Israeli startup Habana Labs has come out of stealth and presented what it claims is the world's fastest artificial intelligence (AI) chip at a conference in the US. Similar technologies to Habana's Goya chip have been announced by other companies, including Israeli startups, but most of them are still in the development stage.
The man behind the founding of Habana is Avigdor Willenz, the founder of chipmaker Galileo, which was sold to Marvell in 2000 for $2.7 billion. He serves as Habana's chairman and lead investor.
The "EE Times" website says that Habana claims that it, "handily beats CPUs and GPUs for deep-learning inference jobs," although Habana has yet to reveal the full technical specifications of the new chip. "EE Times" also mentions that Willenz sold Israeli chipmaker Annapurna Labs to Amazon in 2015 for $350 million, which probably gives Habana good contacts with the online retail giant.
AI chips that are installed in computer systems and data centers can process vast amounts of data (big data) such as identifying people in pictures, creating nervous system models, analyzing feelings in texts and much more. Habana's chip was built from scratch for its AI and deep learning capabilities and will compete with Nvidia's chips, which serve most AI data centers.
Habana says that its PCIe card based on its Goya HL-1000 processor delivers 15,000 images/second throughput on the ResNet-50 inference benchmark, with 1.3 milliseconds latency, while consuming only 100 watts of power. This is three times the speed of Nvidia's chips. Habana claims that three of its processors can equal the performance of 169 Intel chips, or eight Nvidia chips of the type used in the Tesla car.
Habana was founded in 2016 by Willenz, CEO David Dahan and VP development Ran Halutz (the son of former IDF chief of staff Dan Halutz). Dahan and Halutz formerly worked for PrimeSense, which was acquired by Apple for $345 million in 2013 and has had its technology incorporated in the iPhone X. Habana's chief business officer Eitan Medina was CTO at Galileo.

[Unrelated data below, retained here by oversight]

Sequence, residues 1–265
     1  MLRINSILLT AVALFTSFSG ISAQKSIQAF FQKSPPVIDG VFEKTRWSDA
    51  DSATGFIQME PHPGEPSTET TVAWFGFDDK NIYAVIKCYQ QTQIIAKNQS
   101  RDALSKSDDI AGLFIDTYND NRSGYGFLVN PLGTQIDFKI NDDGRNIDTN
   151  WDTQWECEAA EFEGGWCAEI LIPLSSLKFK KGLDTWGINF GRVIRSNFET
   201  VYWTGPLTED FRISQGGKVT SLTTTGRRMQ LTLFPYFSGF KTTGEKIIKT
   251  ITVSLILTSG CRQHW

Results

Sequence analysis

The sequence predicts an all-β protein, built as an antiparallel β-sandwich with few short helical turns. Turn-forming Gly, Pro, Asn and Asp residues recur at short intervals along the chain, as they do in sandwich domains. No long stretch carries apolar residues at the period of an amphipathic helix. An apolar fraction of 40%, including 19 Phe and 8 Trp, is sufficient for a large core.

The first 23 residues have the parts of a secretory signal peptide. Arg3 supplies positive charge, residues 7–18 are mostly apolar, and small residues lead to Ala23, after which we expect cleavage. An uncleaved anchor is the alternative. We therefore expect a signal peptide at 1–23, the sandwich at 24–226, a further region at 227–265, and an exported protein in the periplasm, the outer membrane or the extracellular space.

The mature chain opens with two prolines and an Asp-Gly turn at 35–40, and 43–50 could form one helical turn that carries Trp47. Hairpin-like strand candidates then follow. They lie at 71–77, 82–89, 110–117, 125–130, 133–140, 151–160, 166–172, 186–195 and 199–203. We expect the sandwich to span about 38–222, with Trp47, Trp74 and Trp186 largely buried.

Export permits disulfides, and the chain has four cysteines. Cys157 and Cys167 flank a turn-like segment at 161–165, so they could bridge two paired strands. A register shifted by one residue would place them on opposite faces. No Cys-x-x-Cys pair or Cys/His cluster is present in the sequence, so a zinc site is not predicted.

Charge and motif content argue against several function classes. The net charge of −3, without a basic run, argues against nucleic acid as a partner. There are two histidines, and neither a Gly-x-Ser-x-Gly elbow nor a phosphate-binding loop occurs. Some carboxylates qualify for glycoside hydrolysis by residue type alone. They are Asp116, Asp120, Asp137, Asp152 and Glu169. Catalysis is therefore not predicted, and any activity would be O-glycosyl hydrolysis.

Medina said, "Habana Labs has assembled a top-notch team with the goal of transforming the way AI processing is done in the cloud, data centers and other emerging applications. This product milestone is especially outstanding considering the company was just founded in 2016. We continue to focus on building a successful, enduring AI processor company to serve the high performance, fast growing AI space over the long run."
Willenz said, "In the thirty years that I have been involved with teams that delivered the most sophisticated VLSI Devices, I have very rarely seen such high level of execution. The Goya silicon that we received, less than a year from its conception, has been rigorously tested and is ready for production. This amazing achievement, coupled with the platforms that Habana Labs will deliver in the coming quarters, will enable our customers to lead the AI revolution."
Habana has 120 employees at its offices in Tel Aviv and San Jose, California and its development center in Caesarea. Investors other than Willenz include Bessamer Venture Partners and Waldman Capital Management.
Published by Globes [online], Israel business news - www.globes-online.com - on September 20, 2018
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